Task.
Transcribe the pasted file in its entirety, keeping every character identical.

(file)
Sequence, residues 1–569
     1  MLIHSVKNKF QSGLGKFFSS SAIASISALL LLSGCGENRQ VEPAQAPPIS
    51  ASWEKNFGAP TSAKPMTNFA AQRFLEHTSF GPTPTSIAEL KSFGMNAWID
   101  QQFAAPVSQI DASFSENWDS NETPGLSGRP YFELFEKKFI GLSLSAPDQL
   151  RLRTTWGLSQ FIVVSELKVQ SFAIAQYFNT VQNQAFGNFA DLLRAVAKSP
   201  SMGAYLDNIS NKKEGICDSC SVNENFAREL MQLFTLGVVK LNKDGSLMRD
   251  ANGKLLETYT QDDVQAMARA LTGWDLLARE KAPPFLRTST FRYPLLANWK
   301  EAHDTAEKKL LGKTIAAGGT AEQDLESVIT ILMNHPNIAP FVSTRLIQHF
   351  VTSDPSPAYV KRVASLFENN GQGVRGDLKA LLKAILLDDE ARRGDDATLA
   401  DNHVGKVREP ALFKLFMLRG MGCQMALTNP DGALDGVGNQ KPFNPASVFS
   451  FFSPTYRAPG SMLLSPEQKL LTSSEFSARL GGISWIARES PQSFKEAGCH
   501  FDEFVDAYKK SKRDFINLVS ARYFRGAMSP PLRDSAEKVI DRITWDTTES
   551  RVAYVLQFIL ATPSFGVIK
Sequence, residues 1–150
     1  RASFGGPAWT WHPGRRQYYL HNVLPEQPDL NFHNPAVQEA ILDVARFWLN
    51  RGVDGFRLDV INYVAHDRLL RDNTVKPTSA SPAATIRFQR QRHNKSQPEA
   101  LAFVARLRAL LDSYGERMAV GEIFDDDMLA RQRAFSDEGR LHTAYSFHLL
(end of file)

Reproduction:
Sequence, residues 1–569
     1  MLIHSVKNKF QSGLGKFFSS SAIASISALL LLSGCGENRQ VEPAQAPPIS
    51  ASWEKNFGAP TSAKPMTNFA AQRFLEHTSF GPTPTSIAEL KSFGMNAWID
   101  QQFAAPVSQI DASFSENWDS NETPGLSGRP YFELFEKKFI GLSLSAPDQL
   151  RLRTTWGLSQ FIVVSELKVQ SFAIAQYFNT VQNQAFGNFA DLLRAVAKSP
   201  SMGAYLDNIS NKKEGICDSC SVNENFAREL MQLFTLGVVK LNKDGSLMRD
   251  ANGKLLETYT QDDVQAMARA LTGWDLLARE KAPPFLRTST FRYPLLANWK
   301  EAHDTAEKKL LGKTIAAGGT AEQDLESVIT ILMNHPNIAP FVSTRLIQHF
   351  VTSDPSPAYV KRVASLFENN GQGVRGDLKA LLKAILLDDE ARRGDDATLA
   401  DNHVGKVREP ALFKLFMLRG MGCQMALTNP DGALDGVGNQ KPFNPASVFS
   451  FFSPTYRAPG SMLLSPEQKL LTSSEFSARL GGISWIARES PQSFKEAGCH
   501  FDEFVDAYKK SKRDFINLVS ARYFRGAMSP PLRDSAEKVI DRITWDTTES
   551  RVAYVLQFIL ATPSFGVIK
Sequence, residues 1–150
     1  RASFGGPAWT WHPGRRQYYL HNVLPEQPDL NFHNPAVQEA ILDVARFWLN
    51  RGVDGFRLDV INYVAHDRLL RDNTVKPTSA SPAATIRFQR QRHNKSQPEA
   101  LAFVARLRAL LDSYGERMAV GEIFDDDMLA RQRAFSDEGR LHTAYSFHLL